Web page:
If it’s drizzly, you go inside, and go shopping of course. One more stop in the HWT (Hermès World Tour).
No contribution to the Swedish or French economies today.
Then on towards the Gamla Stan and the Nobel Museum, past this fountain
Jacobs Kyrka (church)
Nearby is the Opera and the Kungstragarden, which was really lovely. It rained this morning, so the flowers glistened with the rain.
And the large fountain was the centerpiece
We walked back, over the bridge past the Palace, to the Nobel Museum, where we’re here for a tour. The attendant selling tickets asked “Weren’t you here yesterday?” We were, but just in the café. Amazing memory, or maybe I’m that memorable (yeah, right).
The tour and guide was interesting. I found the gallery of Science in Sketches to be fascinating. Each Laureate explains in a drawing (one page, one side) the concept for which they got their prize. Some humorus, some simple (some yes, some, well, that’s why they got a medal). None of them will get medals for their drawing skills, but it’s an interesting challenge to ask them to distill their accomplishments into a one page, one side, drawing.
The museum is moving to a new venue in 2019. The architectural drawings look amazing.
The guide spoke at length about the process of selecting the winners for the Nobel prize. Although Nobel’s will indicated the prize in each of five categories (there are six “prizes’ though) should go to the individual whose contribution made the greatest contribution to humanity in the last year. In fact, except possibly for the Peace prize, all of the winners’ accomplishments took decades to transform themselves from an idea or theory into some provable result. Examples include the theory about the Higgs-Boson particle. Even Einstein, who won the prize in 1921, didn’t win it for his theory of relativity (too controversial at the time). His theory of gravitational waves wasn’t proved until 2016, 100 years later. Most prizes in science (chemistry, physics) and medicine are made to more than one (but no more than three) individuals. Awards can only be made to living persons.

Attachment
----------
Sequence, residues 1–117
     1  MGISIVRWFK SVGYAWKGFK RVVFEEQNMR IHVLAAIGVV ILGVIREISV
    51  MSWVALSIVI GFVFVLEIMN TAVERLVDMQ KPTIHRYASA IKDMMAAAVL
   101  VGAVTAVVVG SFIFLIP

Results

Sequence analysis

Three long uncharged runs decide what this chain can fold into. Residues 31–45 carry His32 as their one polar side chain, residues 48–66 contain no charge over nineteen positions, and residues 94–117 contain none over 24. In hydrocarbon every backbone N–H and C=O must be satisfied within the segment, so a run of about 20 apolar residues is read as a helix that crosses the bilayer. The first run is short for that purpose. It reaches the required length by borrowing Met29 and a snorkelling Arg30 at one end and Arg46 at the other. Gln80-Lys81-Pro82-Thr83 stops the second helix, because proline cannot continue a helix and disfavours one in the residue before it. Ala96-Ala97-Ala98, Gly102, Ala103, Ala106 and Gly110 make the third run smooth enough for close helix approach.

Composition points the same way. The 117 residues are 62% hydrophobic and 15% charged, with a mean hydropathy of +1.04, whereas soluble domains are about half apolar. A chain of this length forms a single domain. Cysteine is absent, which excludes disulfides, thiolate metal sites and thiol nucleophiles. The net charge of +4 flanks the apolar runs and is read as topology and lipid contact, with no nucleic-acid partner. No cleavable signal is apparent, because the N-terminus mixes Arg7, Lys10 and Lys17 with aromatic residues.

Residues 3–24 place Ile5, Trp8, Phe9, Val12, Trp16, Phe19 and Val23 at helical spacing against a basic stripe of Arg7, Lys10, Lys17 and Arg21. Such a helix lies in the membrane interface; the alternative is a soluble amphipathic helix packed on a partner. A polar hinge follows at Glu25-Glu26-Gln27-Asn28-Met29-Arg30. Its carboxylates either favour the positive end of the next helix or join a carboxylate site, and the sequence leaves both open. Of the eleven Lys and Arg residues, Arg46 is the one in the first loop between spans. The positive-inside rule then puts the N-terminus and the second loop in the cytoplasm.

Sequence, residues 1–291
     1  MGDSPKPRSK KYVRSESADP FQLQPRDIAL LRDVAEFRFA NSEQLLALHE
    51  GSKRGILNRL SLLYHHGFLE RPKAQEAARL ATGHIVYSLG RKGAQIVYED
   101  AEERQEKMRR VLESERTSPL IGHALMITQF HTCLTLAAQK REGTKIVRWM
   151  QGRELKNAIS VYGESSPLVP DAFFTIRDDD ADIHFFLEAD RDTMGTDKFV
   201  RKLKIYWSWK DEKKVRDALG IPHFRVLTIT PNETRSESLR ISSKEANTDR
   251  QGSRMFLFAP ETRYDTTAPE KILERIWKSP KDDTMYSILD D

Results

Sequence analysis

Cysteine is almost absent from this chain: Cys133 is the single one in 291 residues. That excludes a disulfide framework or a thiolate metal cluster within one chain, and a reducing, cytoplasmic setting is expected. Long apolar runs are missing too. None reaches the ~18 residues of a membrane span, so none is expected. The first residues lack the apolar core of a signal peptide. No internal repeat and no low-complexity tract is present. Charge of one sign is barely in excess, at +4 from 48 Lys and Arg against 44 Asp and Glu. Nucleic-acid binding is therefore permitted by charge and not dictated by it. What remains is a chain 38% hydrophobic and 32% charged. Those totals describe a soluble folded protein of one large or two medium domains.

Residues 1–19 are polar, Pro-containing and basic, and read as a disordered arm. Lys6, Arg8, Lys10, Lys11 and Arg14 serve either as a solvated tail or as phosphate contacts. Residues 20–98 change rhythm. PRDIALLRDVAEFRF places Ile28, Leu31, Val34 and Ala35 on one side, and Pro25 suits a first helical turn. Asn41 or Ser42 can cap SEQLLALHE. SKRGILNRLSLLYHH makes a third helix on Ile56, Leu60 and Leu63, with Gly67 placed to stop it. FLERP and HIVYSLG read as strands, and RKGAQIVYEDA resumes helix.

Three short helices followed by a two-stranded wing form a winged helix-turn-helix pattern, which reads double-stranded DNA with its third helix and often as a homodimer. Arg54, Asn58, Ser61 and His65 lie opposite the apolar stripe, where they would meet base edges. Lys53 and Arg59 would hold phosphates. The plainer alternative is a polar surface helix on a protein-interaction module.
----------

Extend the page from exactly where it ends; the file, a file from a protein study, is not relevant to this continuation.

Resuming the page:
Economics was not one of Alfred Nobel’s original five categories (literature, chemistry, physics, medicine, peace). It was added later and isn’t technically a Nobel prize as it has a slightly different name, but has the same status and prize money (though the Economics prize money is funded by the central bank, not the Nobel Foundation) and awarded at the same time–December 10th of each year, the date of Alfred Nobel’s death.
The selection process entails putting together a ‘short list’ from which the final candidate is chosen. The short list is published, 50 years after the date of the award, so there’s no Sturm und Drang ,or appeals, about who the winner is. The award value varies in value based upon the economic returns of the Nobel Foundation’s income, but is about 8,000,000 Sek (~$942,000) and is shared among each category, if more than one individual in a category wins. Nobel’s net worth at his death in 1896 was ~$1.5 billion (no direct heirs); the fund’s endowment is now about $3 billion.
I asked the guide why Nobel contributed his entire wealth to this type of endeavor. He said there was no clue in Nobel’s will. Nobel lived in Paris for a number of years and at one point. Nobel’s brother died. The newspapers mistook his brother’s death for his own and the articles about him and his contributions were negative.
There was a suggestion that maybe this affected his thoughts about his legacy. He was a chemist who developed dynamite and the required blasting caps. He was savy enough to be able to capitalize these inventions into immense wealth. All his businesses were sold and the proceeds funneled into the Nobel Foundation, providing the funding and mechanism for the last 120 years’ of recognition of those materially contributing to mankind.
We made our way back towards the hotel, along the waterway, to the Kungsträdgården. Just prior to getting there, we saw